The changes that manufacturers must make to meet regulatory requirements can be incredibly significant. There isn’t just the need to change how their operations work but also the need to carefully measure and record the impact they’re having. Manufacturers need to be able to demonstrate that they’re meeting sustainability regulations to avoid the potential consequences of non-compliance.

2. Corporate Governance

Manufacturers depend on a wide network of buyers, suppliers, and partners to achieve production and sell their products. Without those connections, a manufacturer simply can’t run its operation. Each of those partners has its own corporate governance values and policies, and one of the main areas of focus today is sustainability.

As part of their commitment to sustainability, many companies will only work with manufacturers who meet certain standards. These could be regulatory standards set by the government or an even higher standard set by the company itself. In any case, manufacturers must meet those standards if they wish to retain access to buyers, suppliers, and partners.

This isn’t a minor niche, either. Research from McKinsey shows that almost 50% of companies are already evaluating partners based on sustainability and are monitoring their performance. Failing to implement sustainable manufacturing today cuts manufacturers off from a massive section of the market, and that could be the difference between thriving and going under.

3. Public Perception

Manufacturers also have to worry about the way the public sees their company. Sustainability is important among consumers today. While communicating the impact of sustainable practices to consumers is a challenge in itself, manufacturers can’t afford to develop a reputation for unsustainable manufacturing.

Consumers are now very aware of issues like climate change and plastics pollution and will incorporate that information into their purchasing habits. Manufacturers now have a clear incentive to make their products more sustainable in terms of both the products themselves and their packaging.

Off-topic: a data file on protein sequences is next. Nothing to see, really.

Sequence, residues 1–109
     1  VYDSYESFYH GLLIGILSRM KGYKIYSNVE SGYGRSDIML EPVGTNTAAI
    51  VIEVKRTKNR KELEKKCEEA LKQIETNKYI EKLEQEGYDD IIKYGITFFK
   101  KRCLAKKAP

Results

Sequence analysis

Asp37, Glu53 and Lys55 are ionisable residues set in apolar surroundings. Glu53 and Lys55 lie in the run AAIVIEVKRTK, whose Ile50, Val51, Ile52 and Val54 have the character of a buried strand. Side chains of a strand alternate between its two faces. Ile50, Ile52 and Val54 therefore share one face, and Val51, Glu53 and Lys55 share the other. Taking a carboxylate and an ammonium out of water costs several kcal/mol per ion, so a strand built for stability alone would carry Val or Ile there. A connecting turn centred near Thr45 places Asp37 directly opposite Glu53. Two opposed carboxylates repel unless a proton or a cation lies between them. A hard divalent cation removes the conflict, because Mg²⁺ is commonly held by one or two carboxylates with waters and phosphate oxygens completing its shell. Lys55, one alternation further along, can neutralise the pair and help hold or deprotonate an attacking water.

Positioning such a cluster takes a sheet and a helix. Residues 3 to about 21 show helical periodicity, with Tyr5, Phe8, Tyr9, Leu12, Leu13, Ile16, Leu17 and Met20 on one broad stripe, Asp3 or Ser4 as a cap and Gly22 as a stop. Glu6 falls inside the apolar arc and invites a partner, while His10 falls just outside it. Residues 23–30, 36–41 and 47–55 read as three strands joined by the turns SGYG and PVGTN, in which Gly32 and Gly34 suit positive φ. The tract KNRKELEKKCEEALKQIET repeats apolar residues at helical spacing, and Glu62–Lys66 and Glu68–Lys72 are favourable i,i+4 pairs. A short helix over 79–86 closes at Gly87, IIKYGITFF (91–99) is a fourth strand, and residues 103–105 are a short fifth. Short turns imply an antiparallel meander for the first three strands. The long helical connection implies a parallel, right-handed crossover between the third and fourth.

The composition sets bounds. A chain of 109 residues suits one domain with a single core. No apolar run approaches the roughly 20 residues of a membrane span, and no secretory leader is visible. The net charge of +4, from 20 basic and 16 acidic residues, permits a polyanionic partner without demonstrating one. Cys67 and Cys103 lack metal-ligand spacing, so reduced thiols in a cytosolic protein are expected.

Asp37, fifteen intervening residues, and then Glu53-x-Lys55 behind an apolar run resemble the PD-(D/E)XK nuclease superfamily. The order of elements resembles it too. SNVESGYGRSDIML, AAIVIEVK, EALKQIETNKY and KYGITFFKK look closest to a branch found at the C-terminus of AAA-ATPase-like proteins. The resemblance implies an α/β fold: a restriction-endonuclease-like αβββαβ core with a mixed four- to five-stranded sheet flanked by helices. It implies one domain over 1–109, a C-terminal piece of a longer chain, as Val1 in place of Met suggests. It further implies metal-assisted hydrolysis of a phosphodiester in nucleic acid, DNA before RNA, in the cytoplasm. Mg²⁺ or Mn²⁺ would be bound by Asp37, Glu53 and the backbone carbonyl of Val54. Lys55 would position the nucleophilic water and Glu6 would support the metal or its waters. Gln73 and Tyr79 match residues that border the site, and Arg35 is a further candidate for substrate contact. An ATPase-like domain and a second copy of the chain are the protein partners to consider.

By meeting certain sustainability requirements, manufacturers are able to make specific claims about sustainability regarding their products. This can also include a variety of government and NGO environment and sustainability programs that highlight products that meet their requirements.

When making any claims about sustainability, manufacturers also need the numbers to back them up. That’s an important part of why manufacturers need a way to accurately track and monitor every aspect of production.

4. Integrity

It’s easy to look at sustainability and say that everyone should do everything they can to make it happen. However, the real world of manufacturing is complex, and moving toward sustainability isn’t always straightforward. Despite that, many manufacturers do implement sustainability beyond regulatory requirements due to the integrity and values of the individuals making those decisions.

The problems that sustainable manufacturing has set out to solve could have disastrous effects around the world in the coming years. Many of the executives and managers who decide how much sustainability is worth to their company understand this very well and accept the social responsibility to contribute to a better world.

Changing the way people work in factories
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The Future of Sustainable Manufacturing

The transition to sustainable manufacturing is already well underway, with manufacturers taking definite action to implement sustainability. The world is moving closer to the lofty goals it has set for emissions and other aspects of sustainability in the future. 

Manufacturers will need to continue changing and improving their methods and seeking out new solutions to make sustainability happen.